Photo: Patrick Tomasso

The road ahead: beyond self-driving

Autonomous vehicles will trigger new services and changes that transform the way we work, travel and live

Many autonomous vehicle discussions don’t go far enough in describing the impact on behavior over time. We are concerned mostly with “hands on” or “hands off” the steering wheel, but at some point, confidence will grow and we won’t have to pay attention to the road or other cars at all as we ride. Then we can begin to consider how other areas of life, work and travel can be supported by these evolving vehicles.

For example, when all riders are focused inward and the driving is handled by a sensor network, indicators like road signs, brake lights and lane separators become unnecessary. If there are no drivers, we won’t have a need for these visual guides.

By dividing the roll-out of autonomous vehicles into stages, breaking down the component parts and connecting to other trends, we can reveal the most likely areas of impact.

The Launch with Trucks, Rides and Safety

Examples of self-driving trucks are already appearing — a primary suggested benefit is that autonomous trucks will make roads safer. Rides for the elderly and others who are unable to drive is another clear early benefit of driverless vehicles.

Possible outcomes:

  • Rides for kids going to after-school activities with in-vehicle monitoring for parents — an autonomous ride becomes preferable to a stranger in the driver’s seat
  • Rides for homebound elderly and vision-impaired people with in-vehicle monitoring and voice services — Amazon Alexa is already joining this part of the trend.
  • In-vehicle ‘Meals on the Way’ services for riders become extensions of food service and delivery — this also prompts in-vehicle packaging and storage innovation for ‘on the way’ services
  • Seat-surround airbag systems protect passengers independent of orientation
  • Highways institute dedicated night-time hours and lanes for self-driving trucks
  • Continuous shipping, battery-swapping stations and mobile-charging vehicles keep autonomous trucks on the road at all times
  • New autonomous and manual vehicles transmit location automatically to provide system awareness to all cars on the road — this improves the flow of traffic overall, but presents some inherent security concerns
  • Improved solar panel efficiency enables roof charging for trucks and cars — this extends travel time and reduces the need for charging stations

The Evolution of Work and Roads

As riding becomes the preferred way to travel, larger ‘travel pods’ become a natural extension of the growing shared-workspace trend. All visual indicators can be removed from the road and new elements move inside the vehicle when the act of driving is handled by sensors.

Possible Outcomes:

  • Self-driving working pods for small-team domestic travel — this can reduce travel costs and increase continuity of work
  • Mobile workspaces connect with shared workspaces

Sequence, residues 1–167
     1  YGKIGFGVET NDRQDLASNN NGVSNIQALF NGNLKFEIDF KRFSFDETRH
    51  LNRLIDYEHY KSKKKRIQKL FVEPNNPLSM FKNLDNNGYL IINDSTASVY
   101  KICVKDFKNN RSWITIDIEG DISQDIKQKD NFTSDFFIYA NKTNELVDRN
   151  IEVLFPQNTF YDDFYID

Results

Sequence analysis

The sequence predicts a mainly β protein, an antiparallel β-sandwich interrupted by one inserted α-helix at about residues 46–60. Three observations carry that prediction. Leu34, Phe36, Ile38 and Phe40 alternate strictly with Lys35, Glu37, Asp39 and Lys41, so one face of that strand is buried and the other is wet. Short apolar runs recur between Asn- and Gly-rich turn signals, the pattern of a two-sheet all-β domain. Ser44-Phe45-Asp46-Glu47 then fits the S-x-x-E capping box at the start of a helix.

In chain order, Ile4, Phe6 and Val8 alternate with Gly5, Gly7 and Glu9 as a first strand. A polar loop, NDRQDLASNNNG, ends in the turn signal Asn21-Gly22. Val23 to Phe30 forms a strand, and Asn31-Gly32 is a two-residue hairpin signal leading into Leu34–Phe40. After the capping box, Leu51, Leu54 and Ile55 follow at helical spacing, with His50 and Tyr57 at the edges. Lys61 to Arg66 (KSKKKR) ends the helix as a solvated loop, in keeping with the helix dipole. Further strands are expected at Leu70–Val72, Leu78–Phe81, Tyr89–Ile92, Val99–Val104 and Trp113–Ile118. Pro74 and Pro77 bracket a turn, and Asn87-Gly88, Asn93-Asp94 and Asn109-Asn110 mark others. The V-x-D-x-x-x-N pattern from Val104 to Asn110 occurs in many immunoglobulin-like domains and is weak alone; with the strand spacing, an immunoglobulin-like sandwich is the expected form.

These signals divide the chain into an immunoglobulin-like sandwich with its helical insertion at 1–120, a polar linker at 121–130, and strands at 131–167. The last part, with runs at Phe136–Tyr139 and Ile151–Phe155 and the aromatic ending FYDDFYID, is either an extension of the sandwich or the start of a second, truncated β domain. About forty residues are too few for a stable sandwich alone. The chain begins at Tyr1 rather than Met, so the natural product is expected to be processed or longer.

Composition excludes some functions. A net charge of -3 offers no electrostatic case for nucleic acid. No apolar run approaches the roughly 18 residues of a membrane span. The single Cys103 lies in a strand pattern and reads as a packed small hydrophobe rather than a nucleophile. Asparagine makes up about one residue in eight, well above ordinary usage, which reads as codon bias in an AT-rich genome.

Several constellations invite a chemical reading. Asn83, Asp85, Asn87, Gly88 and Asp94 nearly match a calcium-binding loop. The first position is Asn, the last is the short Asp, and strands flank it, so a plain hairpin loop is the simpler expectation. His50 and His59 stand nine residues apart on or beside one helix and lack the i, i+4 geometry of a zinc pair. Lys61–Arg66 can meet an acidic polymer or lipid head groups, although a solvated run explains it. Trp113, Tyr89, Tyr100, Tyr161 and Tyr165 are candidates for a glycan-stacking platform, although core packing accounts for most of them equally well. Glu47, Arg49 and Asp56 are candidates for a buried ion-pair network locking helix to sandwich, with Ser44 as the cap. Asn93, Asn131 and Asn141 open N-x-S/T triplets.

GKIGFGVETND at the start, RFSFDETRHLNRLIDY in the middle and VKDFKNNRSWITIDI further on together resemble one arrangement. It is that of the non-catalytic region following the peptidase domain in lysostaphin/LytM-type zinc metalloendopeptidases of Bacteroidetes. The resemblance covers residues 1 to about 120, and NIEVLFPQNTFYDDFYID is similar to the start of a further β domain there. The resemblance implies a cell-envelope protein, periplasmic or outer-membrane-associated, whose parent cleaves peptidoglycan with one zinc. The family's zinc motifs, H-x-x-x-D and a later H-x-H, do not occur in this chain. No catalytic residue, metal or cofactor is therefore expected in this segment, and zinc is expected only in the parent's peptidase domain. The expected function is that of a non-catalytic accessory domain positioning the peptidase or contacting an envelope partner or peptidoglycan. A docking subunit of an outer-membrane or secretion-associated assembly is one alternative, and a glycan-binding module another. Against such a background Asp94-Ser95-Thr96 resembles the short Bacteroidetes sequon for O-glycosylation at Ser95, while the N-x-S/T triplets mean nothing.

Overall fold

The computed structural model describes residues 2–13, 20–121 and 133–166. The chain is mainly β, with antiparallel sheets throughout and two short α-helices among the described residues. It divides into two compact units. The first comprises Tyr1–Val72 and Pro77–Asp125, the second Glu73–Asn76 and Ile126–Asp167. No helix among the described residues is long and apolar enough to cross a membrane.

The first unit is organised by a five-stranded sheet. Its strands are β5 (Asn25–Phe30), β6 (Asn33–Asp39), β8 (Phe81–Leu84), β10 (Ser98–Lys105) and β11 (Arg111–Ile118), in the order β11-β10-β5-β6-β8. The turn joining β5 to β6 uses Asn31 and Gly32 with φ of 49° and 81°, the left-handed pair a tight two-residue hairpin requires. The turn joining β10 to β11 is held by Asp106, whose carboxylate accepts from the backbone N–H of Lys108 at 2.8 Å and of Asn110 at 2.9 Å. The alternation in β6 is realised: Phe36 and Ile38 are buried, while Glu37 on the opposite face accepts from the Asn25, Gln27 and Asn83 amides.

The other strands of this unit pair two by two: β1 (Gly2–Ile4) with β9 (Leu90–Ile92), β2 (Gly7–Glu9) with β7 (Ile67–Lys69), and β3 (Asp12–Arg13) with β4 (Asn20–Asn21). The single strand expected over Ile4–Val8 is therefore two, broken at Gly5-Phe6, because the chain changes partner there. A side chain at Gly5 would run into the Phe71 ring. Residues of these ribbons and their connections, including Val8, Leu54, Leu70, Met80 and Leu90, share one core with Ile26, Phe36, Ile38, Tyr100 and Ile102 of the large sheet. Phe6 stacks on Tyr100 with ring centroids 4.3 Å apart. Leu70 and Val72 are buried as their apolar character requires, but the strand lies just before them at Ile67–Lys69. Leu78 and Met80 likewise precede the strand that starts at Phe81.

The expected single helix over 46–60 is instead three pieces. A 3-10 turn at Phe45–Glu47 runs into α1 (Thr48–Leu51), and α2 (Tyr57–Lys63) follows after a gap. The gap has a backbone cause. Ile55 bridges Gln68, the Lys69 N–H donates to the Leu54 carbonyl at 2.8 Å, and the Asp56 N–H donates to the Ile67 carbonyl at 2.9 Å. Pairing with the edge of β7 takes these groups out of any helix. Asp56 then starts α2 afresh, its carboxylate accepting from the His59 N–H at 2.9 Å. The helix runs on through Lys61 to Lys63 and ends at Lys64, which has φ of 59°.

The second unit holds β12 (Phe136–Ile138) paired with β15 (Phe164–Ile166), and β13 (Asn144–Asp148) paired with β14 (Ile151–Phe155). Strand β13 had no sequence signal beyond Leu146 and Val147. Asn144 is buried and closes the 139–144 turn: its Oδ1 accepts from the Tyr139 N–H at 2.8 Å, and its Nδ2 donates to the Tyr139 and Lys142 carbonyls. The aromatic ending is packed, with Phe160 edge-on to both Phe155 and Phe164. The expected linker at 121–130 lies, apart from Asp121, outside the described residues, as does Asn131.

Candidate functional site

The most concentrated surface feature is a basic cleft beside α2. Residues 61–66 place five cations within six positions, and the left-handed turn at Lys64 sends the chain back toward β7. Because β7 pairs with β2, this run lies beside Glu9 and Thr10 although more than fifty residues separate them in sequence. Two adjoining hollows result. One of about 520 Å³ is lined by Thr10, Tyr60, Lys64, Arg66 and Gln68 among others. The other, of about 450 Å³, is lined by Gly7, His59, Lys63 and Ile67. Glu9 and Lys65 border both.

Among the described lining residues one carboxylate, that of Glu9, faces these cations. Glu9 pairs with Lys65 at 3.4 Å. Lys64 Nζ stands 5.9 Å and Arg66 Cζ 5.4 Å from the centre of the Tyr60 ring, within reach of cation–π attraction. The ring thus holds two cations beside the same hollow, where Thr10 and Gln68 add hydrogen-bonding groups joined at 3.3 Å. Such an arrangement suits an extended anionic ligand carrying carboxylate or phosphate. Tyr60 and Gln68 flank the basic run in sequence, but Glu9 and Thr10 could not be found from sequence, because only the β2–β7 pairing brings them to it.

• “Sleep cars” become the new, less expensive way to travel short distances, reducing short-range air and train trips
  • In-car video calling is standard for new self-driving vehicles
  • Interior brand elements and lighting become more important than exterior as visitors and viewers are focused inward
  • With awareness of approaching vehicles and traffic, intersection traffic lights become less necessary
  • Night sensor driving reduces the need for streetlights on highways
  • Road signs and lanes disappear with roadway intelligence built into vehicles
  • Highway lanes expand and contract automatically for high-traffic times
  • Autonomous-only highways allow for much higher rates of speed
  • Mobile and Wifi networks installed in vehicles allow for dynamic moving networks

The Shifting of Ownership, Homes and Recreation

As people focus more on rides and less on cars, this will start to shift how we design and use areas of our homes and could start a shift toward ‘manual driving’ as a recreational activity.

Possible outcomes:

  • Garages are hired out as self-driving car charging and storage stations
  • Personal car insurance becomes less common — insurance handled by driving services
  • Recreational driving services appear for manual driving — fewer car dealerships
  • Specialized recreation areas appear for manual driving
  • Street pick-up area indentations at the curb in front of homes become the new driveway — driveways and garages are no longer standard in home construction
  • Self-driving tiny homes merge two growing trends

The Merging of transportation

As these vehicles begin to look less like cars and more like transport pods, they can easily be seen as modular plug-in points for other modes of travel.

Possible outcomes:

  • Modular self-driving pods appear, which can drop into Hyperloop tubes for traveling longer distances
  • Modular vehicles appear, which can ‘dock’ into homes, making travel easier
  • Aircraft with docking bays for the seating pods from mobile driving units become available, increasing efficiency of ticketing, boarding and air travel

Autonomous cars are not the only area that can be broken down into component parts and sequenced over time and trends. This kind of service and product decomposition can be a good way to look at strategic areas of focus in general, and this technique can reveal many unexpected new products and services for companies to explore in any industry.